All law enforcement departments and agencies have different methods for evidence management and asset management. Nearly all of these systems are quite effective, and most firearm losses can be attributed to human error or carelessness. Why do we emphasize the importance of proper law enforcement owned firearms safety and storage? We do so because the end result of lost or stolen firearms can be absolutely devastating. In 2010, a gun stolen from a police officer in Tracy, California was used to murder a man 4 years later. In Palm Beach County Florida, a gun stolen from a West Palm Beach Police Officer was used by gang members to commit multiple crimes. Time and again we are reminded the careless mistakes can ruin lives. Law enforcement officers must do everything in their power to avoid contributing to the scourge crimes involving firearms represents.

While it is impossible to create a full-proof system concerning lost firearms, having an asset management system that allows for each transaction of that firearm to be logged is an absolute best practice. When that system allows you to scan the firearm, and manually record verifications of it’s serial number, condition, and assignment, the repetitive nature of this single activity improves the chances of not losing department firearms by well over 80 percent. And no matter the investment, the cost of such a system is well worth it, if it means criminal opportunity is reduced, and people are not killed.

And, while an asset management system may not seem like a priority, consider accreditation. These processes that certify your agency are used to evaluate you for grant programs and tax incentives that support your basic and advanced operations. If you aren’t tracking sensitive equipment, what impacts will that have on your accreditation, and ultimately, your budget?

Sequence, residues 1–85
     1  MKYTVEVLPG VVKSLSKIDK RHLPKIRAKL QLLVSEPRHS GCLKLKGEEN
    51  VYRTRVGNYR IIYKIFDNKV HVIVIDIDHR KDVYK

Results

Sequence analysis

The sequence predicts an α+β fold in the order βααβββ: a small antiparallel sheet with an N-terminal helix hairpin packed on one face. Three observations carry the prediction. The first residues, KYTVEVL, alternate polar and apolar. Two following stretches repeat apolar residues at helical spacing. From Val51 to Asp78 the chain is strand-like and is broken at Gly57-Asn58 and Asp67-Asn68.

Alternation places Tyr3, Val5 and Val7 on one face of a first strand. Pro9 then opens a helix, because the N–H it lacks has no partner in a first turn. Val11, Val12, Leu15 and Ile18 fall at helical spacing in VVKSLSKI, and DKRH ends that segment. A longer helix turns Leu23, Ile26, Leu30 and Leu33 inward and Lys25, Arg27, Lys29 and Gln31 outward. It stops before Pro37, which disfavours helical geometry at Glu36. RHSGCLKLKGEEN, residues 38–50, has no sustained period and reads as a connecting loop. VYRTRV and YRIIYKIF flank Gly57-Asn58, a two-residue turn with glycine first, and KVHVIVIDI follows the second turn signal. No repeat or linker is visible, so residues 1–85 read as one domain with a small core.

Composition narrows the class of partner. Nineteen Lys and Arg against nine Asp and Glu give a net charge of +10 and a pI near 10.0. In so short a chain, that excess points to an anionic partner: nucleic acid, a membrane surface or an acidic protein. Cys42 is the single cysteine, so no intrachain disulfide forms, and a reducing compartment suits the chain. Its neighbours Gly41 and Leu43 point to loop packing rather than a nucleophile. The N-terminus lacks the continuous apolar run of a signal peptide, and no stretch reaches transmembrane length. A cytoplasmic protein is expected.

Carrying a firearm is a major responsibility and is never to be dismissed as trivial, even by the most seasoned law enforcement officers. While the majority of the firearms that are lost by, or stolen from law enforcement officers are due to human error or carelessness, there are procedures that can be put in place at the managerial level to minimize these losses. Regular inventory of all firearms is an absolute must. All firearms must be inspected, and all serial numbers must be verified by supervisory personnel. In addition, law enforcement departments and agencies should consider a firearms inventory tracking system that is similar to or works in conjunction with, that department or agency’s asset, or even evidence tracking system.

The results of losing a firearm can be devastating, and law enforcement personnel must make every attempt to keep their weapons safely in their possession and out of the hands of criminals. By acknowledging the fact that they do have an awesome responsibility when it comes to possessing and maintaining firearms, law enforcement personnel can do just that.